A problem though is that this behavior is self-defeating. Blaming others is ultimately a behavior that diminishes trust that others have in you. Avoiding taking responsibility for our own actions can also exhibit itself in a pattern of “half-truths, use spin, avoidance, and weasel words.”
Remember, mistakes are not bad. Every mistake is an opportunity to learn and grow. By being honest when we make mistakes, we will start down a path of building trust with others.
The Cult of Personality
I fall victim to this… routinely. My personal development heroes are the Alan Kays, the Rich Hickeys, the Joe Armstrongs, the Erik Meijers, etc. I find myself thinking “I’ll never be as smart as them, if only I had as much talent and intellect as they do.” It’s not that they don’t offer huge swaths of knowledge you can learn from. It’s that I tend to tear myself down while admiring their knowledge. Our amount of talent is not fixed though. It will grow as we gain experience. There’s no need to be so self-critical.
We can see the impact of Worshipping Talent exhibit itself in more insidious ways at technical conferences and in blog post comments too. It’s extremely easy to fall back on looking down at lesser-experienced developers sharing their own discoveries and lessons learned. Perhaps you’ve been sitting in the audience at a talk and silently wondered why they are the ones giving a presentation? After all, “we want to hear from the folks that are smarter than us, that have more talent than us, the ones that we feel we can look up to”. You can even find presentations where attendees feel the need to correct the presenter or prove that they themselves know more.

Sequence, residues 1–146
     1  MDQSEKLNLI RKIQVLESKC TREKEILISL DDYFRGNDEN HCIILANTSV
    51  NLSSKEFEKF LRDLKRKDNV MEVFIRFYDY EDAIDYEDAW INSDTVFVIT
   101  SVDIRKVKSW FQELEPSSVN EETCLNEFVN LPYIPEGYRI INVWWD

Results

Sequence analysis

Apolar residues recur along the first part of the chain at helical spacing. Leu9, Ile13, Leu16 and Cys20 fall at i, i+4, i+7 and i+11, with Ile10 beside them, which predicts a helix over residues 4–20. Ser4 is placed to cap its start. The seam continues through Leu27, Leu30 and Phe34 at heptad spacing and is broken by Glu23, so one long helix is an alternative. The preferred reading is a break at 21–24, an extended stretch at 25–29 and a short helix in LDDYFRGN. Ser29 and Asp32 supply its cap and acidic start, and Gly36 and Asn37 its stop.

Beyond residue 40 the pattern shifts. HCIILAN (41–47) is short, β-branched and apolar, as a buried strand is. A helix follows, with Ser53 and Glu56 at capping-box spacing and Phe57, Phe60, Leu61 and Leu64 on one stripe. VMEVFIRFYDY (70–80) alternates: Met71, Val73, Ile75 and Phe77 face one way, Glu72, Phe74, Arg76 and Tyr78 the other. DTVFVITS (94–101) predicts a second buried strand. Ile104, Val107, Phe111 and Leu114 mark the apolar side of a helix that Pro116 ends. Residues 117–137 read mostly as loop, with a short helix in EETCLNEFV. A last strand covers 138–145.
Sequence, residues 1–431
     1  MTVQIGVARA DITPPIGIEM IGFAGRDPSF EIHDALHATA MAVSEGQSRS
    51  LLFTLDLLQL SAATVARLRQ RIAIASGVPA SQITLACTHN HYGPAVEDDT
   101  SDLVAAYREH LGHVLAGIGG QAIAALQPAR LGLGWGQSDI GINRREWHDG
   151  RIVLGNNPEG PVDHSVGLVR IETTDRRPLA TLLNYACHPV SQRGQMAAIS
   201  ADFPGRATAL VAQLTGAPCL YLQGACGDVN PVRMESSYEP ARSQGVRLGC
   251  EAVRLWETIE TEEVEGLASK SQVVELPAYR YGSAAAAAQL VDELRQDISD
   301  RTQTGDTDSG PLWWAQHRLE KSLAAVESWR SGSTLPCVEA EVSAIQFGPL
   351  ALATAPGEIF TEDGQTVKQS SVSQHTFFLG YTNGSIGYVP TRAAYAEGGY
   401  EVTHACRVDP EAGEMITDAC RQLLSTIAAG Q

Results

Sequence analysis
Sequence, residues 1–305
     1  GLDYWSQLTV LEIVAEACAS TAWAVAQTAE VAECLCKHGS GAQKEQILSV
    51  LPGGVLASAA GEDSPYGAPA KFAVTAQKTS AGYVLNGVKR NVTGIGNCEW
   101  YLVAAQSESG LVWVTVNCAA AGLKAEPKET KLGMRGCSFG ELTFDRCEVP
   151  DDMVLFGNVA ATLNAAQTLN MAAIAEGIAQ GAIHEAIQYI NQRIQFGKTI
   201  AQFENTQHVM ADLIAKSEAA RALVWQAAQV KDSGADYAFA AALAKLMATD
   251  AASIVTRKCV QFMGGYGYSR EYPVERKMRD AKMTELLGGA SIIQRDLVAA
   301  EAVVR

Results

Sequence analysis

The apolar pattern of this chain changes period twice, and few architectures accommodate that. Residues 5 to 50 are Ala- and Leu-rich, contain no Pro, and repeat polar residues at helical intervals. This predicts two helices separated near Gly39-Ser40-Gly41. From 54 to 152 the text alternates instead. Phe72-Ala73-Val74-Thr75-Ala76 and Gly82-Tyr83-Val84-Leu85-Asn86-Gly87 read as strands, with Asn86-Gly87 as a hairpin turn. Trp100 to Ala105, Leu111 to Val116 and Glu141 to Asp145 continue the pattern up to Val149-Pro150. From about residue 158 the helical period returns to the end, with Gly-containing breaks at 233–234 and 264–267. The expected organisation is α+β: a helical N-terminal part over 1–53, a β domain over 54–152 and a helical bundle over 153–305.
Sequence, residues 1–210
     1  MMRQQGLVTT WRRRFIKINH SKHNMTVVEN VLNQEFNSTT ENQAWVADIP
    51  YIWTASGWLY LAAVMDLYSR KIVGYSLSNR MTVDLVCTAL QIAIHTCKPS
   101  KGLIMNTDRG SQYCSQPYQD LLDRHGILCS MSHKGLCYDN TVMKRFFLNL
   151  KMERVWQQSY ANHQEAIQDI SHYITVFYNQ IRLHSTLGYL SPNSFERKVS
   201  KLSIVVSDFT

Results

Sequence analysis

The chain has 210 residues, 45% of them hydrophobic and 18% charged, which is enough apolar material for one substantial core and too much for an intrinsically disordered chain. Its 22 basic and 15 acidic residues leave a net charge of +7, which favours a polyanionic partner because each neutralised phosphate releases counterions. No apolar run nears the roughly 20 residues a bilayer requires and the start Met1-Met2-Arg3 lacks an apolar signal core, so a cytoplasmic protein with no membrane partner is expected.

The belief in innate talent can also impact companies.
A company that plays the talent game makes it harder for people to practice growth-mindset thinking and behavior, such as sharing information, collaborating, innovating, seeking feedback, or admitting errors.
– Carol Dweck
The seeking of innate talent in the job market is an area that I know I tend to fall back into a fixed mindset and need to improve. When I’m interviewing people or looking at the great team I work on, I think about how talented they are. I think about how smart they all are. And they most certainly are. But I’ve seen a lot of teams get burned by the seeking of developers with innate talent, talent they were just born with.
Some companies look for the Rock Stars to hire, the people who have “freakish” amounts of talent. They get seduced by the talent. And what do companies frequently end up with? Prima donnas. People that lack empathy for others. People that are highly competitive and care more about their own accomplishments than the wake of damage they leave behind.
Morale sinks. Paranoia grows. Teamwork wanes. Passion dies out. And the joy of the fun work we do in sotware is slowly but surely sucked out of the team.